Restaurants come and restaurants go but the Mal still delivers


I have been an admirer of Malmaison hotels since the group rescued and converted the listed Joshua Hoyle textile warehouse at the bottom of Piccadilly station approach in 1998.

It was a key event in the regeneration of Manchester, sparking the redevelopment of the first part of the city thousands of visitors who arrive at Piccadilly station get to see.

I’ve stayed at the Mal in London’s Smithfield too, formerly St Bart’s hospital nurses’ home, the Oxford Mal, a stunning conversion of the former jail and in at least half a dozen of the Hotel du Vin, the group’s sister chain, all of them in important heritage buildings.

None of this would matter much if the stays, which have always included dining, hadn’t been great experiences.

So having Saturday night dinner in the latest incarnation of Malmaison Manchester hotel’s restaurant was much anticipated. And it turned out to be a treat.

The original brasserie was very atmospheric and decidedly French art nouveau in style.

That was replaced by Smoak, specialising in oak-smoked steaks and burgers in a split-level, post-industrial setting.

It was rebranded Chez Mal last year – the last in the Malmaison chain to do so.

The layout remains much the same as with Smoak, with the American-style bar and restaurant virtually a single entity. It was nice to see both buzzing – nay, rocking – on a Saturday night.

The raised wooden floor remains, as does the booth seating upholstered in red leather and round zinc-topped tables illuminated by functional pendant lighting.

The Josper grill is also retained with cuts of aged beef on display in the huge glass-sided fridge, mainstay of Chez Mal’s range of signature steaks, and sharing stands featuring Chateaubriand and Moroccan spatchcock chicken.

But the scope of the new a la carte menu has been widened and offers a feast of robust flavours.

I started with Cornish sea scallops (£13.50), pan seared on the outside with precise timing. Soft, fleshy and delicately flavoured beneath, served on a trio of shells with a sliver of chorizo, spinach purée, sea-salty samphire and a drizzle of lemon-tangy vierge dressing.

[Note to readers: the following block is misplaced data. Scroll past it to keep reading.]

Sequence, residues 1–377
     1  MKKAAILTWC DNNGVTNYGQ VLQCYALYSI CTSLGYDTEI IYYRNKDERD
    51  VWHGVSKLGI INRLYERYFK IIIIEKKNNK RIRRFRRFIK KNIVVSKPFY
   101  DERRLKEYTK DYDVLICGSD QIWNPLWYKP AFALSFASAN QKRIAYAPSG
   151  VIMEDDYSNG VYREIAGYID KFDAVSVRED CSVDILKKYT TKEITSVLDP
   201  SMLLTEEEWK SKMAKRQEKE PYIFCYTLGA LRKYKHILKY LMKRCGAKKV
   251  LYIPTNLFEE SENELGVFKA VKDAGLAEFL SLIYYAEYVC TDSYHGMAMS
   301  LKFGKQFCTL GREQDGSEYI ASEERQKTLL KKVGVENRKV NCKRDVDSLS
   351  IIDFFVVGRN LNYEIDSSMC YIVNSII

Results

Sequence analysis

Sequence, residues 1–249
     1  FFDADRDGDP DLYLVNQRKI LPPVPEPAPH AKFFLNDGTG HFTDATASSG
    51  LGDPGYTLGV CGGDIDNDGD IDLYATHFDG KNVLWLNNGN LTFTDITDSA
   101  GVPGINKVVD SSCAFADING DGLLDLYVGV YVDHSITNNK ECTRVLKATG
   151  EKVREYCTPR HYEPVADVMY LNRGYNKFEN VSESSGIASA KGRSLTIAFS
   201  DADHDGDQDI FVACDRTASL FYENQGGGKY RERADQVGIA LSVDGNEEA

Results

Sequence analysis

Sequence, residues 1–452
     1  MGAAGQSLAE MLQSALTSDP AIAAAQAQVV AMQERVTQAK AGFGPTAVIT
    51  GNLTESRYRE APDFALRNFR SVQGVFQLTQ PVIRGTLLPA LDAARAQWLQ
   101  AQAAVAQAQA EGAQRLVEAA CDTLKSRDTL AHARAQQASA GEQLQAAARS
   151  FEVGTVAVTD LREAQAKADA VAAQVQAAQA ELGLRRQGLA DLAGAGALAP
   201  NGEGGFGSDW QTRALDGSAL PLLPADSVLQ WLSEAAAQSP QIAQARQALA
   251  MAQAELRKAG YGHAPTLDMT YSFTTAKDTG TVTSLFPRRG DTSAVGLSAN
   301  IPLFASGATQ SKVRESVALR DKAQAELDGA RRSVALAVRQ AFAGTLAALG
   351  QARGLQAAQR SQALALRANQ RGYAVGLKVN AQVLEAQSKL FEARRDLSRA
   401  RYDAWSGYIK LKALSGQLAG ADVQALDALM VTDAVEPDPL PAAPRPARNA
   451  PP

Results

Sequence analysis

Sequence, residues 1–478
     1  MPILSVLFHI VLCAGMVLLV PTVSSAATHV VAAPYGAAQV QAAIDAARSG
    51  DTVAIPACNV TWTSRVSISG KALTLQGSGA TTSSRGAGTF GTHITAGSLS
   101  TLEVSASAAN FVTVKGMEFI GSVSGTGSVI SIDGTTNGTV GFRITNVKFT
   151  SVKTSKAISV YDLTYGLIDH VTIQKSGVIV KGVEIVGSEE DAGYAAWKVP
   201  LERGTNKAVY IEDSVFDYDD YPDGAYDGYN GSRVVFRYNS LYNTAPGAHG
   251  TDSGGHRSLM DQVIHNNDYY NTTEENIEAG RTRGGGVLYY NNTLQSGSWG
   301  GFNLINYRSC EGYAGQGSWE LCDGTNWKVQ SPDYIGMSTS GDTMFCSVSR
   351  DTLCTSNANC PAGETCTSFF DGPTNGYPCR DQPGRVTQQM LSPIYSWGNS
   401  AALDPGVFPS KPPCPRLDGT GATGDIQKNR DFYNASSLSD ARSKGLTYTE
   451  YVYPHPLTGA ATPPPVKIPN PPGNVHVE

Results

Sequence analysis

Mrs K opened with a culinary work of art. A stunning arrangement of gossamer thin, melting carpaccio of pepper-sealed rump of beef decorated with cauliflower and roasted garlic cream, tempura florets, Parmesan shavings, pea shoots and black truffle dressing (£10.50) that tasted ever bit as fabulous as it looked.

Despite the manifest temptations of the steaks, I opted instead for Yorkshire Dales lamb, a thick and juicy double French-trimmed cutlet, served succulently pink with a side of richly flavoured braised neck (£19).

It came with just-so broad beans, peas, heritage potatoes and slivers of red pepper over which was poured a light vegetable broth. It thoroughly deserved the accompanying glass of rich, plums ‘n’ chocolate malbec (£7).

Blondie chose the risotto (£16.50), a luxurious, creamy bowl of carnaroli rice enriched with a generous  amount of white crab meat, simmered to perfection in a rich bisque and finished with those seared Cornish scallops, with lemon butter delivering a lovely contrasting snap of citrus. We had sides of irresistible truffle and parmesan pommes frites (£5) and sautéed spinach with lemon, garlic and olive oil (£4.50).

For dessert we shared a yummy and nicely presented chocolate pavé with pistachio ice cream and green tea syrup and finished off the bottle of refreshing and tropical fruity Argentine Chardonnay-Torrontes (£25).

Plus ca change...but the Mal still delivers.


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